A conversation was held. “What do you want to do with the space?” asked Revd Canon Fr David Rowett, Parish priest in the Barton-upon-Humber group; “I’d like a bluebell wood” said Dorothy Fagge, Churchwarden at Saxby All Saints, near Brigg. “Well get on with it then” said David. And she did.

The space in question was a three acre piece of land on a hill next to All Saints Church in Saxby, near Brigg. Formerly a cow field, it had become overgrown and now resembled scrubland. The church on the other hand, sits nestled at the bottom of the hill amid some mature trees. It is a fine example of the work of George Gilbert Scott, an important English Gothic revival architect. The church has recently undergone extensive restoration to return it to its former glory. The field did not complement the space. 

David’s preferred choice was to use the area to have a green burial space but this was unfortunately not possible owing to the number of springs in the hillside; and so the conversation above was held and Dorothy got on with the job of fundraising.

The vision for the area was to have a community woodland planted with native trees with an open space, paths and a play area for children. Did they fancy a green amphitheatre? the landscape gardener asked. Why not.

A nurse by profession Dorothy has been raising money since she was in her twenties, so fifty years later she knows a thing or two about how to do it. Early in her career she was sent on a training course to Great Ormond Street Hospital to learn how to raise money for hospital projects. She said: “Targeting the right funding bodies is obviously key; you need to check that they have a track record in donating to projects such as yours and that way you stand more chance of being successful.” She also took advice from the Woodland Trust which was able to suggest bodies that donate to environmental projects.  

The field cost £30,000 and the parish council gave advice on how funding for this element could be realised. The Woodland Trust provided 750 trees at a much-reduced cost but a large amount of money was needed to pay for landscaping the hill and shaping the pathways. They held exhibitions in the village hall so people could see what they were planning and people got on board. The residents in the village were very generous and Dorothy kept plugging away with grants but it took seven years to complete the project from the initial idea in 2010. Her charm and tenacity also secured her a number of other items being donated including a children’s wooden play tractor, a gazebo and some wooden ‘in memoriam’ benches.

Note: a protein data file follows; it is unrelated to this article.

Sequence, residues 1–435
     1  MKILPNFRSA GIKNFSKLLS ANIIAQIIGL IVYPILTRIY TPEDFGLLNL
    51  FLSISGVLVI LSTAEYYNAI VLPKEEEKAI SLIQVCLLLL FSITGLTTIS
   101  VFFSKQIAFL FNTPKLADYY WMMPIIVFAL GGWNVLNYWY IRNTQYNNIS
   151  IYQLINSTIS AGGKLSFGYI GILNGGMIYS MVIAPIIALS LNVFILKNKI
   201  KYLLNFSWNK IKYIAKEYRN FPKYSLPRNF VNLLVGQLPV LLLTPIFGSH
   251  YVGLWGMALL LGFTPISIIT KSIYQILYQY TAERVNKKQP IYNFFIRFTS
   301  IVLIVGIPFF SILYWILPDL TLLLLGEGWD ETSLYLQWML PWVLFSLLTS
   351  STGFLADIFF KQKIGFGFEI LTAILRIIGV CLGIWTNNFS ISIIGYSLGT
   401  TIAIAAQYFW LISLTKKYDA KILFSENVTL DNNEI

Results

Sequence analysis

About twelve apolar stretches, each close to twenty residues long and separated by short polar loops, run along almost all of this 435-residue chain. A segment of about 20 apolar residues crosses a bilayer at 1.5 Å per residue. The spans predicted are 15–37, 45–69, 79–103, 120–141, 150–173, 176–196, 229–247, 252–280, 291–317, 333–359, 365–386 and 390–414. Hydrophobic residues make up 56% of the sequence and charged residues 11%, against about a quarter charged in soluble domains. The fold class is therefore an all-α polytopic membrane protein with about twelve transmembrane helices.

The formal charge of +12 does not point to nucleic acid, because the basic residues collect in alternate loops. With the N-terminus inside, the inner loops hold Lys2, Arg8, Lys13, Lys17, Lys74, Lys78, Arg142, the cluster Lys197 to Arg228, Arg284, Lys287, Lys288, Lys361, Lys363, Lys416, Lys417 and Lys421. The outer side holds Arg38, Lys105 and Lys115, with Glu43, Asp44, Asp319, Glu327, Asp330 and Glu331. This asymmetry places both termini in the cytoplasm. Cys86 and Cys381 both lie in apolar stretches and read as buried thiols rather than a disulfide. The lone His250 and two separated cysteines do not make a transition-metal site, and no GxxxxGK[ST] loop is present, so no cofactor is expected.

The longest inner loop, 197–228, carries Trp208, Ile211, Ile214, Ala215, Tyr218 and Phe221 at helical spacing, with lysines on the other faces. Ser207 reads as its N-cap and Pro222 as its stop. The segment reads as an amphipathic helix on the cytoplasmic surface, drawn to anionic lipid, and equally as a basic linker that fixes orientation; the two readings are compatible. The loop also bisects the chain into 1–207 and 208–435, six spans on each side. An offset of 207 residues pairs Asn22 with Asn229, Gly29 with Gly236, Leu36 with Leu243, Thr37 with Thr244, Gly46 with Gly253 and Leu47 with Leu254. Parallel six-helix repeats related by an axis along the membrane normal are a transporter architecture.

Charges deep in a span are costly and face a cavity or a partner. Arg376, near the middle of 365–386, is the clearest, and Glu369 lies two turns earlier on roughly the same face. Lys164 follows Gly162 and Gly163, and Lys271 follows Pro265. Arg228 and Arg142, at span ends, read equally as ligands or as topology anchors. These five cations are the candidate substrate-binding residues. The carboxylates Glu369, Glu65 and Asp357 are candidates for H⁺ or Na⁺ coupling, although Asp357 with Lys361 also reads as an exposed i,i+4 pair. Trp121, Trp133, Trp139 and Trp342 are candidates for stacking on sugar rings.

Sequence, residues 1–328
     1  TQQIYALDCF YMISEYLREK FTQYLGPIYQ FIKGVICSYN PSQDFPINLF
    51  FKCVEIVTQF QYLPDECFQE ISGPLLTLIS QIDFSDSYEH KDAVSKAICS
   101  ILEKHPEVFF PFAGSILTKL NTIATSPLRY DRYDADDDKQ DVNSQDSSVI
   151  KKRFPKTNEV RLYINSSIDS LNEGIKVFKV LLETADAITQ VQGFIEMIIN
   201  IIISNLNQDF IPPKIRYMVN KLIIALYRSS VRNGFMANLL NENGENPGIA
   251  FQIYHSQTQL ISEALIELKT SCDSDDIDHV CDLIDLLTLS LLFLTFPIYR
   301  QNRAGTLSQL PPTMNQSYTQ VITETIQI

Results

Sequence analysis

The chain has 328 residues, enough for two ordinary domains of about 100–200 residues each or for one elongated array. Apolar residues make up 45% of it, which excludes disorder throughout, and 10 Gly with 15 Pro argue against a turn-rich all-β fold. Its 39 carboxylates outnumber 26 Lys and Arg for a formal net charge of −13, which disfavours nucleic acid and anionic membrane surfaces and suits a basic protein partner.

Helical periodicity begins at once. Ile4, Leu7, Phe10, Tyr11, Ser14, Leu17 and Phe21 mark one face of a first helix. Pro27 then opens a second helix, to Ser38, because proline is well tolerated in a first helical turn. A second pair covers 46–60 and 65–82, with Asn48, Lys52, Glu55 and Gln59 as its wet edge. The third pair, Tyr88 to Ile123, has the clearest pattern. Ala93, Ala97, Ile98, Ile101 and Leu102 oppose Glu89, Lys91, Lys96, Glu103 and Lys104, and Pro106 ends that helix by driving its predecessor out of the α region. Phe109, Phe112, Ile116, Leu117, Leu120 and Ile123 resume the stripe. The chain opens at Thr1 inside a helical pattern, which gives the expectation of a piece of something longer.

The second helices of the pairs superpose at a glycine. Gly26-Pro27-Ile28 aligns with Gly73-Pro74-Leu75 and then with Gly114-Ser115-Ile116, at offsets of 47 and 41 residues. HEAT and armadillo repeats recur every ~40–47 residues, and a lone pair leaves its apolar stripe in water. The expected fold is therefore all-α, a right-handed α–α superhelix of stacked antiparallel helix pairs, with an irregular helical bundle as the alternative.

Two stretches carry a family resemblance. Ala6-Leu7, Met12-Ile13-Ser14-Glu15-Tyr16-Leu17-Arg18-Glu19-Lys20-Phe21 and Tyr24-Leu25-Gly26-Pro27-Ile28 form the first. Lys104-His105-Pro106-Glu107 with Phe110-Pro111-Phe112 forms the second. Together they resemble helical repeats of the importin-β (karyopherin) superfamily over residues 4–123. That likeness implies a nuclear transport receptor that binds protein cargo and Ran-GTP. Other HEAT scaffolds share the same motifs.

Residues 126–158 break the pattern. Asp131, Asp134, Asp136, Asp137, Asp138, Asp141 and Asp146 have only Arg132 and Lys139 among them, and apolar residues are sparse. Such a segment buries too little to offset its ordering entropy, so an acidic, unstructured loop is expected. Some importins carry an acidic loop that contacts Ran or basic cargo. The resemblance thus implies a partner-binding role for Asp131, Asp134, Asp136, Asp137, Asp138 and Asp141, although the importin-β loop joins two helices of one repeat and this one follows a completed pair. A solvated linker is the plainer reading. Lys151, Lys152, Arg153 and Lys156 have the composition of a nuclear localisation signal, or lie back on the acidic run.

David said: “Lincolnshire has very few green public spaces and it is England’s least wooded county so the fact that we have been able to develop our own green space, for our community, is wonderful.

“It has been several years of hard work to make it possible and it hasn’t been easy but it has been well worth it. The success of the project is a tribute to Dorothy’s hard work and tenacity in raising the money; the generosity of our PCC and community in giving their time and money and the help and support of the local authority, local businesses, the diocese and the Woodland Trust. It’s nice to be able to give something back to our community as they have been wonderful in supporting us.”

“I am absolutely delighted with the finished result" said Dorothy, "it’s everything we hoped for and more. To make the bluebell wood we planted 50 bluebell bulbs around each tree so in time they will self seed. We also put in some snowdrops and wild daffodils and this spring it did look lovely.

“Our community is using the space which is what we wanted. Our amphitheatre has been used for concerts, as a resting place for cyclists and for christening parties. When you all come together you can achieve great things.”